Natrix tessellata on Serifos
In the 20th century, Natrix tessellata was said to be common on Serifos. However, in the early 21st century it was unclear whether this species still was present on the island: BROGGI (2011) pointed out that in 1985 CATTANEO had been the last one who has seen this species on Serifos. However, the record of a dead specimen in 2015 which was published on serifoswildlife.net indicated that this species was still present. The wetlands of Livadi which have been mentioned in literature are now cultivated land with houses and gardens. Remaining populations of Anacamptis laxiflora indicate that this area must have been a lush habitat before. However, it is doubtful whether Natrix tessellata still occurs in this area (and the locals kill any snake they come across). The water course in the Haramia valley which also has been mentioned in literature has been interrupted by the construction of the Steno Lake. Regarding this massive interference we weren’t too optimistic to find Natrix tessellata here. However, the creek below the water reservoir has areas with dense vegetation populated by frogs and green toads – a suitable habitat for dice snakes. Actually, we found the remaining of a dead specimen here.
A living dice snake was finally found at another place: During our last day on the island we photographed lizards at the shores of Steno Lake and suddenly noticed a dice snake in the water. Luckily, we were able to take some quick shots. Actually, this species has survived on Serifos. Remarkably, all newer records (or own plus the one from serifoswildlife) are located in the Harania /Steno valley.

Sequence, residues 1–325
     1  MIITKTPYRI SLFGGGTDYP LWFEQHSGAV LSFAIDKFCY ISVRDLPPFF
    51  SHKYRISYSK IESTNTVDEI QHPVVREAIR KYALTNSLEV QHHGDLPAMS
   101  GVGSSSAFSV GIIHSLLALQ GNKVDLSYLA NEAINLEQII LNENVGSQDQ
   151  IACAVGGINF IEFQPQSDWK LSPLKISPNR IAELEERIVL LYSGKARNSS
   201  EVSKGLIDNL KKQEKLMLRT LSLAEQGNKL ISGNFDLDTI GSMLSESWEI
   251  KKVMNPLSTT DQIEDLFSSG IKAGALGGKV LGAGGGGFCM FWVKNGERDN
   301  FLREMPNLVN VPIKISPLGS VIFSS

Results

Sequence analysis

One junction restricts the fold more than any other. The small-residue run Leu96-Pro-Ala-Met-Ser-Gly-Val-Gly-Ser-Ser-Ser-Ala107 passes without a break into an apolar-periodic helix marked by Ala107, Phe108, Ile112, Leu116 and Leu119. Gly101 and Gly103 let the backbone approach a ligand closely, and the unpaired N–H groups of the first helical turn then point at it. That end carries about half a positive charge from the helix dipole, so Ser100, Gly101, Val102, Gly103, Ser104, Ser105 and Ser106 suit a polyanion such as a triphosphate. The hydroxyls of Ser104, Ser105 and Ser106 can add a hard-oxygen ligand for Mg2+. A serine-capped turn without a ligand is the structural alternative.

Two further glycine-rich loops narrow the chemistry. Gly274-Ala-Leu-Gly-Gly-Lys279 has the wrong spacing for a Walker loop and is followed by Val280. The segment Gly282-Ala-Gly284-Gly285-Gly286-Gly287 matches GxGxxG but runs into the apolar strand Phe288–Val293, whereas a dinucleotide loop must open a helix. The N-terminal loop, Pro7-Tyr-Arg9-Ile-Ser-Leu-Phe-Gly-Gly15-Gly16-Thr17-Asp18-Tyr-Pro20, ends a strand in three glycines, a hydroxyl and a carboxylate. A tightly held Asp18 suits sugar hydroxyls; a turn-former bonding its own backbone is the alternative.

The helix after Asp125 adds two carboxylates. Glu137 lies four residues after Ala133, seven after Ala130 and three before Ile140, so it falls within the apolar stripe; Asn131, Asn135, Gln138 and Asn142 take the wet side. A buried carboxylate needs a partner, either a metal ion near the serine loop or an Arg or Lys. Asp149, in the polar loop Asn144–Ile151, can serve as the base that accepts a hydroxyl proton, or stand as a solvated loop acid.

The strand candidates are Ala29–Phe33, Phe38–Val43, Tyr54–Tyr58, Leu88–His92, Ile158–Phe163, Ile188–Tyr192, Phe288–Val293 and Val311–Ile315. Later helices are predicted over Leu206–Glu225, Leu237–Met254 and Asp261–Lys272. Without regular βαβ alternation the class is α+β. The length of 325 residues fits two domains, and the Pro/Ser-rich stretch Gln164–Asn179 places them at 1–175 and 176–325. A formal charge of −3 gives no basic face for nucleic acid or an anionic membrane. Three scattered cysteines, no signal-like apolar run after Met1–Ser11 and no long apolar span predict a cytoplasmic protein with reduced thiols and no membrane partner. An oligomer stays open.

Due to their unsteady water levels, storage lakes usually are rather hostile for wildlife. In this regard, it turned out as an advantage that the Steno reservoir never has been brought into service. As far as we noticed, it is now an important secondary habitat for birds and dragonflies. With regard to this it could be reasonable to define the lake and its surroundings as a protected area: sweet water areas are rare on Aegean Islands. However, the future of this lake is uncertain: the dam is leaky with water running down the wall at several spots… Overall, regarding the Dice Snake, it doesn’t seem unlikely that further populations of this species occur in inaccessible valleys on the island.
Epilogue – Athens
Friday evening, a ferry approached at Serifos and brought us back to Piraeus, finally. We slept in a hotel at nearby Palaio Faliro. There, we visited a population of introduced Podarcis siculus campestris (Italian Wall Lizard) the next morning. The lizards were basking at the seafront next to the highway and didn’t care about the numerous people passing by. The Italian Wall Lizards once more proved as an invasive species with low habitat requirements. We quickly took some shots and headed to the airport as our return flight was scheduled for Saturday afternoon.